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Stereographs were very popular, well before the postcard. By taking two photographs that are from slightly different angles, at the same time, the images, seen through a viewer seemed three-dimensional. The idea was originally developed by Oliver Wendell Holmes, physician and poet. In 1859 he wrote an article for the Atlantic Monthly (June issue) describing the viewing of photographs in 3-D. To see a copy of his article, follow this link: The Stereoscope and the Stereograph From his article, "The first effect of looking at a good photograph through the stereoscope is a surprise such as no painting ever produced. The mind feels its way into the very depths of the picture. The scraggy branches of a tree in the foreground run out as if they would scratch our eyes out. The elbow of a figure stands forth so as to make us almost uncomfortable. Then there is such a frightful amount of detail, that we have the same sense of infinite complexity which Nature gives us. A painter shows us masses; the stereoscopic figure spares us nothing..."
the rose stereographs
George Rose was a prolific photographer and businessman working from Melbourne and taking pictures of the world. He started out producing stereographs and later produced postcards. He captured some of the best photographs of the American Fleet in Australia during their visit in 1908. The quality of his work is widely recognized.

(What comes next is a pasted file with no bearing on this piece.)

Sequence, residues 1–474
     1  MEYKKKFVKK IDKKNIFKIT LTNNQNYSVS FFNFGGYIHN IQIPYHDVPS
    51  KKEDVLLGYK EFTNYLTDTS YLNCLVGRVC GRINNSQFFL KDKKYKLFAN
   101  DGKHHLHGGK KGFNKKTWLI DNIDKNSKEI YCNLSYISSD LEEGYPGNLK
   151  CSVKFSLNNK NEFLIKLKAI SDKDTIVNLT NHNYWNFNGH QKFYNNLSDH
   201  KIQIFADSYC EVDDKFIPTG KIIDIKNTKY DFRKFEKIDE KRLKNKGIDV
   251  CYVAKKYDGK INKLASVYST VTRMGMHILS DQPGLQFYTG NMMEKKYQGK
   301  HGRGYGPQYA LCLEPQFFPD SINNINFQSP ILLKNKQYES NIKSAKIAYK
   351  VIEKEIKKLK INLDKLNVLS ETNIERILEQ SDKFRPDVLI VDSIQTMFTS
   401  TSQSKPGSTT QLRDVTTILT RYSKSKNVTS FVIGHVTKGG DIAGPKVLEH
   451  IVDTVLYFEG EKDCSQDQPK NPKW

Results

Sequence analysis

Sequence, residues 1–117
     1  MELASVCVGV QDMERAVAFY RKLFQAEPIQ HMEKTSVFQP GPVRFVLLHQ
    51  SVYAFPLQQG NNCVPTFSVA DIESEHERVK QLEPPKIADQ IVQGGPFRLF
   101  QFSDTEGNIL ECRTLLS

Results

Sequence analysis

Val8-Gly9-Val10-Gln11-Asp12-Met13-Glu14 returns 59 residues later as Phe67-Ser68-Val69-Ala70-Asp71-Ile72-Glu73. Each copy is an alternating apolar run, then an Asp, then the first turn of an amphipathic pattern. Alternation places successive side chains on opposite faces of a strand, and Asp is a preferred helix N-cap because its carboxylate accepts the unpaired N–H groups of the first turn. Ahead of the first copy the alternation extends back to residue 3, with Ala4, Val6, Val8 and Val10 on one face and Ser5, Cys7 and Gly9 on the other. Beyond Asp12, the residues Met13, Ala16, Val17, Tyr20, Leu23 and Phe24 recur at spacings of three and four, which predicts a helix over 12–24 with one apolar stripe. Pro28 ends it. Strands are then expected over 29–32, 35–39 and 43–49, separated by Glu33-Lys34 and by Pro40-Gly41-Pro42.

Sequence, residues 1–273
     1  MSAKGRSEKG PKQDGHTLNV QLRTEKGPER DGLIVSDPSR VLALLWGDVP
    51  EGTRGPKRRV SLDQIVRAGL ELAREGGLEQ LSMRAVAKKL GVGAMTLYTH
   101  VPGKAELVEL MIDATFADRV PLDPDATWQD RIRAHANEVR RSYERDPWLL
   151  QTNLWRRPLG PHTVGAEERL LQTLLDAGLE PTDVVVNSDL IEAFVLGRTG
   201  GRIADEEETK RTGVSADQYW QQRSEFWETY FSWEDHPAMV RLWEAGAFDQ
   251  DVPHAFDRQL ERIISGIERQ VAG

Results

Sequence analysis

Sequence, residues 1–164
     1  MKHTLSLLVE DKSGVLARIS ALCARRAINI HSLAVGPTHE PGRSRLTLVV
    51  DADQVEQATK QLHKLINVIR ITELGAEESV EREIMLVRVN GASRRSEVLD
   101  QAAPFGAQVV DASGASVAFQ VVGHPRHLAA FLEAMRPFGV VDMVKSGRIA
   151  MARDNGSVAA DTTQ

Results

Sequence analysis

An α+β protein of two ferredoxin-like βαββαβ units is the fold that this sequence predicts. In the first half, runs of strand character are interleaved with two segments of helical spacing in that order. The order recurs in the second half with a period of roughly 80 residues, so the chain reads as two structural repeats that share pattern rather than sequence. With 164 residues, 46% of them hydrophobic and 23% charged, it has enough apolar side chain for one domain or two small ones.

The stereographs that he produced for the fleet were approximately 100. The stereographs include photographs from Melbourne and Sydney, in the harbor and at events. These high resolution, professional photographs created images that were virtually unmatched with postcards.
around the world with uncle sam
This series of stereographs show shipboard life during the period of the Great White Fleet, some taken of port visits during the cruise. The series is on flat cardstock and have printed images vs. photo emulsion images. They were a solution for a budget-minded souvenir hunter.